SUMMARY OF THE INVENTION This invention is a method of adhering a structural metal to an organic polymeric material, by interposing a particular adhesive mixture comprising an olefinic interpolymer such as a copolymer of ethylene and vinyl acetate, a carboxylic functional resin such as rosin, and a hydrocarbon wax such as parafiin, between the surfaces to be bonded. The surfaces are brought into intimate contact with the adhesive composition interposed therein between. At the time the surfaces are brought into intimate contact, the adhesive may already be in the melt condition or energy that will heat the adhesive mixture may be applied after or at the time the surfaces are brought into intimate contact. It is critical that the melted adhesive be in contact with the surfaces to be bonded a sufficient time to wet the surfaces of both the metal and organic polymer materials before the adhesive is allowed to cool in contact with the surfaces to provide a chemical resistant bond. The structural bond obtained with this invention has strengths to 1500 lbs. per square inch with service temperatures to F.

The method by which the melt adhesive is applied to the surfaces to be bonded depends upon the construction of the parts and the type of the substrate materials to be attached. The adhesive may be applied in the melt to both surfaces at essentially the same time. It is preferably applied to at least one surface as a separate step to be later melted in contact with the other surface through the application of energy to melt the adhesive. This energy may be in the form of heat or energy which produces heat to melt the adhesive. The method of this invention is particularly effective with metal battery terminal posts which must be bonded to a polypropylene case to provide a leakproof seal. The preferred method of this invention is coating at least one of the surfaces of the organic polymer or the metal post with the melt adhesive and spinwelding the metal post through the polyolefin casing. The spin-welding is accomplished by rotating at high speed one of the parts to be bonded, generally the metal post, and pressing it against the other part. The adhesive is interposed between the surfaces to be bonded. The adhesive may be initially located physically on the opposite side of the thermoplastic polymer part if the polymer is to be penetrated as the adhesive will still seal the interface. The friction results in melting both the adhesive and the thermoplastic polymer and soon after the rotating force is terminated the joint cools and hardens to a structural bond. The melt adhesive provides a flux and seal for a bond between the battery casing and the metal post that prevents leakage of the fluid electrolyte such as sulfuric acid. The adhesive facilitates the joining of the metals preventing oily deposits from interfering with metal to metal adhesion and by filling any voids left during the joining to prevent corrosive liquids from propagating the defect. The method of this invention may also be used by heating the battery posts and pressing the heated metal into and through the polypropylene casing on which has been placed a deposit of the melt adhesive composition. Thus, an electroconductive path may be made between the battery post and the internal strap of the battery without leakage problems.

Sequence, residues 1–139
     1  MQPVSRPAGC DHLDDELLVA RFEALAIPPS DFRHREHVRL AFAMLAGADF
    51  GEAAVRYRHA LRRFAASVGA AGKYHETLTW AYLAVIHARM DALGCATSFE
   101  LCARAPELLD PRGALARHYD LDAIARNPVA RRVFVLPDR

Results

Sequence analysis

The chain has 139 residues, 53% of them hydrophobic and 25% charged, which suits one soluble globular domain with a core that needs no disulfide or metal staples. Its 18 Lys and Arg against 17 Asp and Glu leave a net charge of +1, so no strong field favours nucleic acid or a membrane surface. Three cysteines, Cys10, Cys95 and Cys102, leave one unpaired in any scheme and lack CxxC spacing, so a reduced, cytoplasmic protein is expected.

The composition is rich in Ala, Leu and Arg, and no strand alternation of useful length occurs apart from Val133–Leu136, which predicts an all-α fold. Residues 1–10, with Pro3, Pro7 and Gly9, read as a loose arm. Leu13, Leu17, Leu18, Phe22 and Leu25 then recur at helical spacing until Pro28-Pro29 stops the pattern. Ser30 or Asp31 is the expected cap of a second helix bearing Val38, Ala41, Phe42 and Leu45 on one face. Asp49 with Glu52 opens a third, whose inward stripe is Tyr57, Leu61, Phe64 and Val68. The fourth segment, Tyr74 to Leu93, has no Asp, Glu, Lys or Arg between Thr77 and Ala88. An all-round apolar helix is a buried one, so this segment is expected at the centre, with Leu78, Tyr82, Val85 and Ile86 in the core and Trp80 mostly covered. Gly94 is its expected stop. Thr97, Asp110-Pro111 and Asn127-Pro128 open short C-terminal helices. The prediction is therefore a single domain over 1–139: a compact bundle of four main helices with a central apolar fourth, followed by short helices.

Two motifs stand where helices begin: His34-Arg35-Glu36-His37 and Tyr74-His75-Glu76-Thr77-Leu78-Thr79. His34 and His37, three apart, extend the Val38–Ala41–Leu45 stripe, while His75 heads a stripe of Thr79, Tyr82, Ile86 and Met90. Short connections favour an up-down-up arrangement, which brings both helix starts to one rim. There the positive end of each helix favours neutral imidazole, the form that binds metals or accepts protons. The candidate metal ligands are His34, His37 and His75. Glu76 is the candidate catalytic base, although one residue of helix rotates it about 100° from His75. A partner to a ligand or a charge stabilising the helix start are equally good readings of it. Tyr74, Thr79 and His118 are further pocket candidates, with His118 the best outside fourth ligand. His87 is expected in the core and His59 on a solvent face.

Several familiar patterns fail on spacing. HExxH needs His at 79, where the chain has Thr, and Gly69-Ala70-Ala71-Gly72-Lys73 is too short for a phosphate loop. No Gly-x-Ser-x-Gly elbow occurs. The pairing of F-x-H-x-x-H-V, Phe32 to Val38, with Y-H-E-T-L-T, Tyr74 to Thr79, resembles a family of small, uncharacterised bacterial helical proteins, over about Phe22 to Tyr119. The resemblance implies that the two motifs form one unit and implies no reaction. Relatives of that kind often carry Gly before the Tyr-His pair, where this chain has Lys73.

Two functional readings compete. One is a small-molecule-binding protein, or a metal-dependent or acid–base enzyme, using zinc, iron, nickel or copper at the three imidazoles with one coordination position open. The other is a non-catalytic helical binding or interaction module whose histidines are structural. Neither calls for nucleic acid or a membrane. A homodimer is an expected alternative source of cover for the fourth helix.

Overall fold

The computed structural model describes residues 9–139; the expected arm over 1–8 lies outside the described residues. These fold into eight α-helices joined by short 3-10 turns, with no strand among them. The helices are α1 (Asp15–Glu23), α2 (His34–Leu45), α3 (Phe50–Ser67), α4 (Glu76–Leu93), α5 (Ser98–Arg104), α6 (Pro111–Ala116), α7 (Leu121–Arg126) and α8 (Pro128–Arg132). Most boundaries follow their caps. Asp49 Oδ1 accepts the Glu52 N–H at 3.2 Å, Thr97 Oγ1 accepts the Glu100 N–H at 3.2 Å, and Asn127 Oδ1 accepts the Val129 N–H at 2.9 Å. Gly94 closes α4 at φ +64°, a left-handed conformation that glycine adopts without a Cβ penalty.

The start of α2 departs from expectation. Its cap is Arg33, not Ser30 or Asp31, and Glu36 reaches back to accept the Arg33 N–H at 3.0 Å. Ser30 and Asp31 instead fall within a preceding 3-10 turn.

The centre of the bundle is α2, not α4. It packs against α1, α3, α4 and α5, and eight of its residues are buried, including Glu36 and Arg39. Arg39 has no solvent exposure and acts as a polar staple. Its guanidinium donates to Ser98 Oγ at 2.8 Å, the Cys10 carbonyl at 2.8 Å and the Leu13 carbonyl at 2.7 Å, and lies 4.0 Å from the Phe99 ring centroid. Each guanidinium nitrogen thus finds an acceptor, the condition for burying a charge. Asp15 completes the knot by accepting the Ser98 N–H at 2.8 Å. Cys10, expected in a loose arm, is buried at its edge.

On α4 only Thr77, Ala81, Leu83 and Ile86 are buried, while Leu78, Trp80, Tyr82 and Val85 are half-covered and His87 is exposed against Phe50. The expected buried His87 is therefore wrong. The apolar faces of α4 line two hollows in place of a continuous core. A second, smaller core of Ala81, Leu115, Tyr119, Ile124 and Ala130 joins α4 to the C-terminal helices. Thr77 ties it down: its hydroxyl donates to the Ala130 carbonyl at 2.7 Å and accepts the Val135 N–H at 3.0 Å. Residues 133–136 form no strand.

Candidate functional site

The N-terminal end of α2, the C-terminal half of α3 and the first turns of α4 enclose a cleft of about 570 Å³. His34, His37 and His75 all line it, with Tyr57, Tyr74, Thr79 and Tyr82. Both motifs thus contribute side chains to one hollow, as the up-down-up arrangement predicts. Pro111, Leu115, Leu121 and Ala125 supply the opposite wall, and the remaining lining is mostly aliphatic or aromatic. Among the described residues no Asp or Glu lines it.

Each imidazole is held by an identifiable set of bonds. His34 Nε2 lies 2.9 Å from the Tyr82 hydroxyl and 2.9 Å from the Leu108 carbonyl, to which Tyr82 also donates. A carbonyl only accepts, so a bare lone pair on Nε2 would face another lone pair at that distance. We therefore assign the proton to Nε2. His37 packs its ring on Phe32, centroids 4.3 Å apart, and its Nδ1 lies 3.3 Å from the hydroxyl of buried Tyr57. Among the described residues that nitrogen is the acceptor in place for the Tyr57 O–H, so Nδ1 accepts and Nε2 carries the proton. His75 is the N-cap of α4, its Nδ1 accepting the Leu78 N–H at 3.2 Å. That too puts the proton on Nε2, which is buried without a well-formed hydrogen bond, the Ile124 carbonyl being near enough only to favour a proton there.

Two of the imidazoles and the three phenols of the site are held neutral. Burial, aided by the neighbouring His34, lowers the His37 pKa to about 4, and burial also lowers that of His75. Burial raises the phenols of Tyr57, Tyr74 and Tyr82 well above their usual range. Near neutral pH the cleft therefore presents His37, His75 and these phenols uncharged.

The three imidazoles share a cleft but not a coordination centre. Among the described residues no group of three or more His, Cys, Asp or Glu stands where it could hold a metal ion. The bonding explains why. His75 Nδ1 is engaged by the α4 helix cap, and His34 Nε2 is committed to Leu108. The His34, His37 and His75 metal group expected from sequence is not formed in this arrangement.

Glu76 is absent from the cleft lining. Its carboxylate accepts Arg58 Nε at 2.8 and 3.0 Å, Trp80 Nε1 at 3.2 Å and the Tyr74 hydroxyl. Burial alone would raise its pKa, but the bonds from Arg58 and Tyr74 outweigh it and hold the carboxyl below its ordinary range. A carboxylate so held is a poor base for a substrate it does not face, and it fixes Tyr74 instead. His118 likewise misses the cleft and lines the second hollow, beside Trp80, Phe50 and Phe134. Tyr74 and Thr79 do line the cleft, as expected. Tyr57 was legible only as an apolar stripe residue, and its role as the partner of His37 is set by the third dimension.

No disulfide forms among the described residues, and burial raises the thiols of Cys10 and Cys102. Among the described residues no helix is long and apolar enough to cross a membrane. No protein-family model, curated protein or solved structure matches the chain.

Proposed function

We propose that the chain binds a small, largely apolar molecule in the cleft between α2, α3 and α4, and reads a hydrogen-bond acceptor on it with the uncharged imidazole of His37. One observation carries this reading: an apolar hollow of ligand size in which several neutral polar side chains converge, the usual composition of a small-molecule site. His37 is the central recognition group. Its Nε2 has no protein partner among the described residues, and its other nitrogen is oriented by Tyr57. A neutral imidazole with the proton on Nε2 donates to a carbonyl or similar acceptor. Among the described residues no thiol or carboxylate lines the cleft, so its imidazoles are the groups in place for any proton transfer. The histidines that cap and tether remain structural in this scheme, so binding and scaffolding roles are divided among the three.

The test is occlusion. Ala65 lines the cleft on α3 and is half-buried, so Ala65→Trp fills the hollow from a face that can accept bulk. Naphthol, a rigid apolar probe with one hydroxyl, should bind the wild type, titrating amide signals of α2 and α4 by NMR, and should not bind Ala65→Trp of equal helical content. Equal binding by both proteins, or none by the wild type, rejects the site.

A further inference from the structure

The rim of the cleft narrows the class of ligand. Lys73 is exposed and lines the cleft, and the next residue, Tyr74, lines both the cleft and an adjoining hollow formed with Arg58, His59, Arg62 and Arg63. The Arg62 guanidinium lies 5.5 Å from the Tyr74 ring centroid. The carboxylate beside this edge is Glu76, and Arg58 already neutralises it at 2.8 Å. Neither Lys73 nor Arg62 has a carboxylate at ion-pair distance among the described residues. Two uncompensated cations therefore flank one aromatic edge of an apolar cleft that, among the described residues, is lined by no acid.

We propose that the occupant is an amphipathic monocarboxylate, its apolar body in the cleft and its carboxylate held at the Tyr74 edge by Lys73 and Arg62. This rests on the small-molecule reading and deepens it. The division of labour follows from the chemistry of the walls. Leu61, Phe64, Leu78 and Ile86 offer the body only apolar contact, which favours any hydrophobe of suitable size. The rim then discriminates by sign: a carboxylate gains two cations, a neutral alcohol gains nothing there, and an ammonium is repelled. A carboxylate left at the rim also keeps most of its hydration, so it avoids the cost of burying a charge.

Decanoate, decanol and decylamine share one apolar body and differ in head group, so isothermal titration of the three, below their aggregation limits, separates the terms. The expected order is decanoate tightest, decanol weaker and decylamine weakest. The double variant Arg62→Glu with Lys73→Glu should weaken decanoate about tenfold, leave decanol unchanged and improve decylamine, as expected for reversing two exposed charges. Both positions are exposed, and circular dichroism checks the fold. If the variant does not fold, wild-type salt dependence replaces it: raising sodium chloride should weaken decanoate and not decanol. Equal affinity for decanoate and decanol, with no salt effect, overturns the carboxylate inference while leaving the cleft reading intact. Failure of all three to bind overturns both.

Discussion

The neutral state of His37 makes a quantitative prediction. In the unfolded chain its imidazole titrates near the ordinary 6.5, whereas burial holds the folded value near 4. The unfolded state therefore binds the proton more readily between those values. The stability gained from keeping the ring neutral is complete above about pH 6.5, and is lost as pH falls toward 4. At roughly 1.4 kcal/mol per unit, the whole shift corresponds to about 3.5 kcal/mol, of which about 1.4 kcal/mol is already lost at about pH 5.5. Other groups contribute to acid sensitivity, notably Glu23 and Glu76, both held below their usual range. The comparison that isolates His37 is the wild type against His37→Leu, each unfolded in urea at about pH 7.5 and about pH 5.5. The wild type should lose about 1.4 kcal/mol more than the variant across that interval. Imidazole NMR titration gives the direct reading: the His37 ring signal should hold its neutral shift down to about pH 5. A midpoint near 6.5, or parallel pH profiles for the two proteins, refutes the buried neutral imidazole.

The invention may be further described as a method of bonding structural metals such as lead, zinc or iron to organic polymeric materials such as synthetic thermoplastic polymers like polyolefins by melting an adhesive mixture comprising 10-70% by weight of an olefinic interpolymer of ethylene and -50% by weight of at least one comonomer chosen from the group consisting of vinyl alkanoates and acrylic monomers, that is alkyl esters of acrylic and methacrylic acid, such as vinyl acetate, ethyl acrylate, isobutylacrylate, and the like, 25-50% by weight of a carboxylic functional resin capable of fluxing the metal surface to be bonded, such as rosin, and 5-40% by weight of hydrocarbon wax such as paraffin; bringing the metal and the organic polymer substrates into intimate contact with the adhesive mixture sandwiched between the surfaces; contacting the surfaces to be bonded with the adhesive in the melted state until all interfaces are wetted; and allowing the adhesive mixture to cool in contact with the surfaces whereby the metal and the organic polymer are bonded together to form a tough, chemical resistant structural bond.

DESCRIPTION OF THE PREFERRED EMBODIMENTS The preferred melt adhesive composition useful in the method of this invention comprises -50% of an olefinic interpolymer, 30-40% by weight of a carboxylic functional resin, and 20-40% by weight of a hydrocarbon wax. For best results, in bonding thermoplastic organic polymers the melt adhesive should have a softening point lower than that of the thermoplastic polymer.